To great fanfare by both the leadership of the Republican caucus in the House of Representatives (the House) and President Trump, on May 4, 2017, the American Health Care Act (AHCA), the proposed successor/replacement to the Affordable Care Act (ACA), passed the House by a narrow vote of 217-213. Unsurprisingly, no member of the Democratic Party in the House voted for the bill, but what should have been an easy vote was a bit of a nail-biter, as 20 members of the Republican caucus voted against the legislation. While a victory, it is a slim margin. The question that has been bandied about over the last several days is simply, what happens next?
Much as is depicted in ‘Schoolhouse Rock’, the bill travels to the other end of the Capitol building, where the Senate begins its process. The Senate has chosen the reconciliation process, which only requires 51 votes, or a simple majority, for approval. While this threshold appears to be an easier one to meet, it is deceptive. In an interview with ABC News, Senator Roy Blount, R- Missouri, stated, “At the end of the day, I think it’ll be a Senate bill and then those two bills at some point will have to come together and we’ll get started on that Senate bill immediately.” Reconciliation means combining portions of the two bills, the AHCA and the as-of-yet undrafted Senate bill.
To complicate matters even further, prior to the Senate commencing its review of AHCA, the Senate Budget Committee must analyze it to see which portions of the bill are in compliance with the rules on reconciliation. Reconciliation requires that all aspects of the bill be tied to the budget, the so-called Byrd rule. Any aspects of AHCA which are not compliant cannot be included in the Senate bill, and would be subject to revision or exclusion to ensure compliance. It should be noted that for the Budget Committee to conduct its analysis, the Congressional Budget Office (CBO) must first score the bill. The House did not wait for a CBO score on this bill prior to bringing the legislation to the floor for a vote.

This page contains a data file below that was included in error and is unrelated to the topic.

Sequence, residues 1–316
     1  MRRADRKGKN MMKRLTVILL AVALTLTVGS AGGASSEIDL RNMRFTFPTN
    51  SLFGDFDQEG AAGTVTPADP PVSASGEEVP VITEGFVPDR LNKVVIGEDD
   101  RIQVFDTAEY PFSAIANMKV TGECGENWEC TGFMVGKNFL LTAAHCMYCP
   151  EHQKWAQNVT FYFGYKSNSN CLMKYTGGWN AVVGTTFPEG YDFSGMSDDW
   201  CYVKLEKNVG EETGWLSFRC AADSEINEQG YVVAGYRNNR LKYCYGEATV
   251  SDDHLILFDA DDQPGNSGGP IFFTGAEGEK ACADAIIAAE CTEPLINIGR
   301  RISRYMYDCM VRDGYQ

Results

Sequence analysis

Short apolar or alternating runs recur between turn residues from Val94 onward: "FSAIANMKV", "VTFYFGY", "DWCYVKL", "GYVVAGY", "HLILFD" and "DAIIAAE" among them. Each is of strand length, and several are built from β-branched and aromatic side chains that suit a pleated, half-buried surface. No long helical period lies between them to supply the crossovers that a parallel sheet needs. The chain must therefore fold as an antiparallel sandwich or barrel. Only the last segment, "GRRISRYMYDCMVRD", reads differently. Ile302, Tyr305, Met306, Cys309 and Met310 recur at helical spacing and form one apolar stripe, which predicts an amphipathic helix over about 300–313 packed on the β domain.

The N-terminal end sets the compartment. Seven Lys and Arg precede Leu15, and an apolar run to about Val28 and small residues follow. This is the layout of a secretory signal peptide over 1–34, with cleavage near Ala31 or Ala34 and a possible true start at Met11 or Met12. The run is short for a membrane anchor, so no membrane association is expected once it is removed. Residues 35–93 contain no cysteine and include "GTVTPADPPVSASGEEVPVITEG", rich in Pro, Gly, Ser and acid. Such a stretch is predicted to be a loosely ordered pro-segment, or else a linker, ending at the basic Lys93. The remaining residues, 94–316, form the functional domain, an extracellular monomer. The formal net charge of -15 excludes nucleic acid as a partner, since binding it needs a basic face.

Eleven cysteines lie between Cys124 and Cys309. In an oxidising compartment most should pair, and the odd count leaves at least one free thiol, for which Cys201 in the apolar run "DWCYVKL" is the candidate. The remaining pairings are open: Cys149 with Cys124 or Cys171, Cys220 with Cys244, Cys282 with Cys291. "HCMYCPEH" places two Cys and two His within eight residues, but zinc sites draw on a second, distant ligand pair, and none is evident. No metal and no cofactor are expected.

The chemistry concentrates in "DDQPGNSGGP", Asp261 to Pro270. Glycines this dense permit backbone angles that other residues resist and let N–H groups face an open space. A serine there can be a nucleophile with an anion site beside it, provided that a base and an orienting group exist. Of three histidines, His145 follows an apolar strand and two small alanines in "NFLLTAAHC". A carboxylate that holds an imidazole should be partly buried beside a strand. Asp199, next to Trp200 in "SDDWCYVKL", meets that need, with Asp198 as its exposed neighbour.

This is, rather obviously, a time-consuming process, and we should not expect a speedy production of a final bill. Moreover, once the Senate begins drafting its legislation, there are disparate voices expressing concerns. First, it is not expected that any Senate Democrats will vote in favor of any repeal/replace legislation to the ACA. Immediately that is 48 votes against the bill (46 Democrats and 2 Independents who caucus with the Democrats). Additionally, Republican Senators Cory Gardner (Colorado), Lisa Murkowski (Alaska), Rob Portman (Ohio), and Shelly Moore Capito (West Virginia) all hail from states that expanded Medicaid under the ACA, and are concerned about a lack of protections for their states’ beneficiaries. Also, Senator Susan Collins (R-Maine) has expressed concerns regarding attempts to include defunding of Planned Parenthood as part of the legislation. Lastly, conservative Republican Senators Rand Paul (Kentucky), Mike Lee (Utah), and Ted Cruz (Texas) have all tweeted they would only support a bill that is a full repeal of the ACA.
We should expect a reconciled Senate bill in several weeks, not days. We will continue to monitor the process and publish updates as they develop.